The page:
Patton Donates to CKWRI Establishing Patton Center for Deer Research
Thanks to a generous gift from Bobby and Sherri Patton, the Patton Center for Deer Research (PCDR) has been established at the Caesar Kleberg Wildlife Research Institute (CKWRI). Patton, an avid outdoorsman and dedicated conservationist created the Patton Center for Deer Research that will strengthen wildlife research education at Texas A&M University-Kingsville through the Caesar Kleberg Wildlife Research Institute.
Patton has previously supported education and conservation at the University of Texas. With this gift, Patton is excited to join the Texas A&M University family by supporting CKWRI and the TAMU-Kingsville Javelinas. He said “I am passionate about supporting education and research at Universities because it is an investment in the future.”
“The Patton Center for Deer Research will be transformative for wildlife science in South Texas and will establish a world-class research center equipped to conduct applied research, train the next generations of leaders in conservation, and extend the knowledge created through our studies to inform land management and policy decisions,” noted Dr. Mike Cherry, the Stuart Stedman Chair for White-tailed Deer Research at CKWRI and leader of the PCDR.
All deer related research conducted by CKWRI will be under the banner of the newly created PCDR, which is committed to conducting research relevant to deer in Texas and northern Mexico. The research projects will increase the understanding of deer ecology and thereby increase the effectiveness of deer management.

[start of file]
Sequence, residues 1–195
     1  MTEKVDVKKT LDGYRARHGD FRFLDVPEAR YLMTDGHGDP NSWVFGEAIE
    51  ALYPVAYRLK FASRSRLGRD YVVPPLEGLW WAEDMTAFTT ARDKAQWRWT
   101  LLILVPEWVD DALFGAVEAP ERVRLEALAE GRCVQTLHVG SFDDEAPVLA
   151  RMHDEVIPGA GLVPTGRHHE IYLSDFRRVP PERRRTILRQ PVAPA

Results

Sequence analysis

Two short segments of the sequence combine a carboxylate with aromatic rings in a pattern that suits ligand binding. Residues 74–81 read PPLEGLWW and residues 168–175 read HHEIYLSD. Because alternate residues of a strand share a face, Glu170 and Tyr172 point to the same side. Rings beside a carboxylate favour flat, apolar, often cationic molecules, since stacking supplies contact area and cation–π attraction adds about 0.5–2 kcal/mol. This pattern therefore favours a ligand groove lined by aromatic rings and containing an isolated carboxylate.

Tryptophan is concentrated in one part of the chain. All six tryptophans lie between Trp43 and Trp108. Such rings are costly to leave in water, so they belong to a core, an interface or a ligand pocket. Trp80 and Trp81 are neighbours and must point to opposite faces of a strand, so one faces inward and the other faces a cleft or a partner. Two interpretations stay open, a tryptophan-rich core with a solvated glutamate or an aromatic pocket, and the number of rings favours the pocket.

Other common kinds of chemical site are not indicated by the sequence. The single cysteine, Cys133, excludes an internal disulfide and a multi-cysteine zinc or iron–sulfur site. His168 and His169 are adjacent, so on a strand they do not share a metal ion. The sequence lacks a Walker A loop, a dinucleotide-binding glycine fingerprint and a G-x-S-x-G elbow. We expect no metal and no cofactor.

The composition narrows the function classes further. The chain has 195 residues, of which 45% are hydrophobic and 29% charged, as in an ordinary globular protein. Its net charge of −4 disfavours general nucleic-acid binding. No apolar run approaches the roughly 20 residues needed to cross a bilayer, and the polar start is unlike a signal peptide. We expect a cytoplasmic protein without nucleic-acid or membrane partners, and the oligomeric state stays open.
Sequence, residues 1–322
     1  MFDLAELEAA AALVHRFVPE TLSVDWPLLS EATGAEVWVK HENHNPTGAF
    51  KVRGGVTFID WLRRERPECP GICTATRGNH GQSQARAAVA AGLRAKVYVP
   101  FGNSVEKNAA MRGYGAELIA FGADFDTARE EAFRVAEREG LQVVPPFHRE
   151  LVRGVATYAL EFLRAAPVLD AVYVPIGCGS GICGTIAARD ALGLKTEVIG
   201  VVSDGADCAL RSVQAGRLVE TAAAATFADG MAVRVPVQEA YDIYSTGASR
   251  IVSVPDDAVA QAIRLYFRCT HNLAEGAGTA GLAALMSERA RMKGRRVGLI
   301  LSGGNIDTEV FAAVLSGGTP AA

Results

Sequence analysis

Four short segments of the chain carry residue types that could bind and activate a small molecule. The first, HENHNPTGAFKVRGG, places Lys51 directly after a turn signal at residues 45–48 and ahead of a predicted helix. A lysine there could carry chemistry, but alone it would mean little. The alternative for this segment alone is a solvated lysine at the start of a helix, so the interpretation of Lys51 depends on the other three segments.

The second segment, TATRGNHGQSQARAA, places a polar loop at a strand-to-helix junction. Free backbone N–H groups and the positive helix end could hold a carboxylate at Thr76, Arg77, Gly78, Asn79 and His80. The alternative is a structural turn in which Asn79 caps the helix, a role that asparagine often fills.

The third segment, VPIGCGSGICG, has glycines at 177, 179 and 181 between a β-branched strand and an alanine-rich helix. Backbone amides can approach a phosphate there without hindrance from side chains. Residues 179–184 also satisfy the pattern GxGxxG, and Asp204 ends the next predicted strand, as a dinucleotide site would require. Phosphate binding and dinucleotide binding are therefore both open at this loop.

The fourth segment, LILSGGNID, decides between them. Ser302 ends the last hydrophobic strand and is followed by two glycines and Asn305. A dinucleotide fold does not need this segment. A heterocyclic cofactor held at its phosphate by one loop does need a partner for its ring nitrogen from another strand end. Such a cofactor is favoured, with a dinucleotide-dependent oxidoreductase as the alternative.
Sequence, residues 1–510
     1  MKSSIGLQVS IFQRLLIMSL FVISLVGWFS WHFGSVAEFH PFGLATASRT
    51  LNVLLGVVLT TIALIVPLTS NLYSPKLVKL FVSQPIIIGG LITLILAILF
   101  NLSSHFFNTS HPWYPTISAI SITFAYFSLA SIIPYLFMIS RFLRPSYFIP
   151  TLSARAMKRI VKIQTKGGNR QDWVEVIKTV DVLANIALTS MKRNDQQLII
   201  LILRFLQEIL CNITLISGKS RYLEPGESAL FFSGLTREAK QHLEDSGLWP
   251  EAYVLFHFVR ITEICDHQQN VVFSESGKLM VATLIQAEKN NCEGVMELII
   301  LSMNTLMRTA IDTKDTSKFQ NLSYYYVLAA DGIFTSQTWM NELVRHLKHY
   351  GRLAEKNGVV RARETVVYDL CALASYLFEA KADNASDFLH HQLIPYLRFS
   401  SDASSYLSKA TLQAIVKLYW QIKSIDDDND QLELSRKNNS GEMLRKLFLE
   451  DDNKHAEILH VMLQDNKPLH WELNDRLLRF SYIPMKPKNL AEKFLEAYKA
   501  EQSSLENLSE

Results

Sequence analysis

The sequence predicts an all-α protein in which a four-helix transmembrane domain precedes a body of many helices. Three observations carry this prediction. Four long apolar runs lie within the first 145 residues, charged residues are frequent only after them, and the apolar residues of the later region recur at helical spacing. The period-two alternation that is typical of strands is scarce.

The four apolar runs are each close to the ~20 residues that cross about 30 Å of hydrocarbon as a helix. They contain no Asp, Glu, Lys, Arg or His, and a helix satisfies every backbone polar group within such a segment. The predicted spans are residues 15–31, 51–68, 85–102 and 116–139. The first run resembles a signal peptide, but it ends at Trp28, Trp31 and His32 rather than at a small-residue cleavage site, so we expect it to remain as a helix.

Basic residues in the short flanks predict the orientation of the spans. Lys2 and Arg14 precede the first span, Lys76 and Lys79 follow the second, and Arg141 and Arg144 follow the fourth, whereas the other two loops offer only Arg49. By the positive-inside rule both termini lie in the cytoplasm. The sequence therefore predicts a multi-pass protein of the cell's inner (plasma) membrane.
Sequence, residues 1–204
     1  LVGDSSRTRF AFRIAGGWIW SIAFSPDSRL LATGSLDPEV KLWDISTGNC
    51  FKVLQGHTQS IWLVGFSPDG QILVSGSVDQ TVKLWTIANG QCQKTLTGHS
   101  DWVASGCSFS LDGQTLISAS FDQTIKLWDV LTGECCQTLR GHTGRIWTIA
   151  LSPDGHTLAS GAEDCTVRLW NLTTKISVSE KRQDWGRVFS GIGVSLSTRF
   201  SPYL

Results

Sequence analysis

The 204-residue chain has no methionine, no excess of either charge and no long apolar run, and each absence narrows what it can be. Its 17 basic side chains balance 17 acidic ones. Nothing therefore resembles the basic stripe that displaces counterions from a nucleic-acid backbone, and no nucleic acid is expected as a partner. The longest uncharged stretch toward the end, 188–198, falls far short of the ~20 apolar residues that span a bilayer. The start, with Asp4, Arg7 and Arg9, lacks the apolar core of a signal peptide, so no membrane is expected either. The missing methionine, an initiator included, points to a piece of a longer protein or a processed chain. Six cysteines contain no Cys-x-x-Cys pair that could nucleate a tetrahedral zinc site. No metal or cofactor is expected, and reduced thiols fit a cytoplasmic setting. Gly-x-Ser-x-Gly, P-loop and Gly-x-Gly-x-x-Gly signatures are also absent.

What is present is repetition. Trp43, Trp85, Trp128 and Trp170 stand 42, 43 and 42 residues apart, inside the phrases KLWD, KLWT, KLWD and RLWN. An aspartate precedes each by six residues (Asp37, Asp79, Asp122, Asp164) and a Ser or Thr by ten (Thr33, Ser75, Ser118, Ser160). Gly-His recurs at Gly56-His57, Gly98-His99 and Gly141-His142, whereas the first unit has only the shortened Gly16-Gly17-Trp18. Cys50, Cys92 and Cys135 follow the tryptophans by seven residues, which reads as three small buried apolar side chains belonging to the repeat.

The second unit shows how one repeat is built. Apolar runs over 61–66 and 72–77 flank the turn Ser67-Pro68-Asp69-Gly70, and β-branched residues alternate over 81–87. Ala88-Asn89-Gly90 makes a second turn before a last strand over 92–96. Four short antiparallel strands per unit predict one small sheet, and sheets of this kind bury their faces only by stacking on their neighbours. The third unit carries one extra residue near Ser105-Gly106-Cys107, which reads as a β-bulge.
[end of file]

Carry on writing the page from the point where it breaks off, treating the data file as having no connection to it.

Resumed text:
Dr. David Hewitt, CKWRI’s Executive Director, indicated “The newly established Patton Center for Deer Research is a game-changer for our deer research. Resources from Mr. Patton’s gift will enable our scientists and students to tackle the most critical challenges in deer management.”
The Caesar Kleberg Wildlife Research Institute at Texas A&M University-Kingsville is the leading wildlife research organization in Texas and one of the finest in the nation. Established in 1981 by a grant from the Caesar Kleberg Foundation for Wildlife Conservation, the Institute operates as a nonprofit organization and depends financially upon private contributions and faculty grantsmanship. Their mission is to provide science-based information for enhancing the conservation and management of Texas wildlife.
The Institute has long-standing, trusted relationships with private landowners on whose land they conduct research, and through this relationship, there is a tremendous appreciation for the vital role that land stewardship plays in effective conservation. The Institute works with hunters, wildlife managers, land stewards, conservationists and policy makers to provide research for management and conservation of wildlife and its habitat.